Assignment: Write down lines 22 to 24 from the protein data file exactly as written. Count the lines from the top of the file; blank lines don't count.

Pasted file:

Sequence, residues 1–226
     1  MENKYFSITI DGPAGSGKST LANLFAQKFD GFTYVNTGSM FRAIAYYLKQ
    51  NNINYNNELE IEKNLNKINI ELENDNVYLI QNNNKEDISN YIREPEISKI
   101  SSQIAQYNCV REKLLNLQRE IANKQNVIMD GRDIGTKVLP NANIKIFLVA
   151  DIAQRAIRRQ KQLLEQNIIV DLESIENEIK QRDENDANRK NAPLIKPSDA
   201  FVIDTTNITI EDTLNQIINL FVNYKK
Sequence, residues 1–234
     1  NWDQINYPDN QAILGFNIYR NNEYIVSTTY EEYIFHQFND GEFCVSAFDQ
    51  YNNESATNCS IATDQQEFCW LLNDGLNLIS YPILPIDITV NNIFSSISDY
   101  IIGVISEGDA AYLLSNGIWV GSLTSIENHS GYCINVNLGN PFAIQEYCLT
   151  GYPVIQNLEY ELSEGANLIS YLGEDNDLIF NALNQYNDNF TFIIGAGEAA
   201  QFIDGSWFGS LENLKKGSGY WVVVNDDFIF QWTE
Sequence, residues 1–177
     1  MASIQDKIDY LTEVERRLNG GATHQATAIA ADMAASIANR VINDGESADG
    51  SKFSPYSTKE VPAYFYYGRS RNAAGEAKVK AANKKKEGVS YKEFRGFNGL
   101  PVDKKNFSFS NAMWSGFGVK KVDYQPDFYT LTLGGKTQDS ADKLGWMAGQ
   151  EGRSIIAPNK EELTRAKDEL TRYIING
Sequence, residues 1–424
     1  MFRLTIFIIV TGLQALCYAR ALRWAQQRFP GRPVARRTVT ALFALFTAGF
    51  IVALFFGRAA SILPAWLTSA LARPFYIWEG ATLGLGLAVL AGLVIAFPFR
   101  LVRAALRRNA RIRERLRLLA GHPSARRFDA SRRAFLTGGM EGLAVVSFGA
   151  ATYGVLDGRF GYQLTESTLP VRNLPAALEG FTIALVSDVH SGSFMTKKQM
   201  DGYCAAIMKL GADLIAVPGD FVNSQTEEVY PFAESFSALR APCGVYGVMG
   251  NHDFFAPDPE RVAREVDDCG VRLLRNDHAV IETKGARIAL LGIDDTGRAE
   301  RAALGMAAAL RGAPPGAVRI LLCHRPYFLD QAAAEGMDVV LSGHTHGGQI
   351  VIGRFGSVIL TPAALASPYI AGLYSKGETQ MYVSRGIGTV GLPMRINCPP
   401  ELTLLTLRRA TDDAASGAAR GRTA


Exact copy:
   151  ATYGVLDGRF GYQLTESTLP VRNLPAALEG FTIALVSDVH SGSFMTKKQM
   201  DGYCAAIMKL GADLIAVPGD FVNSQTEEVY PFAESFSALR APCGVYGVMG
   251  NHDFFAPDPE RVAREVDDCG VRLLRNDHAV IETKGARIAL LGIDDTGRAE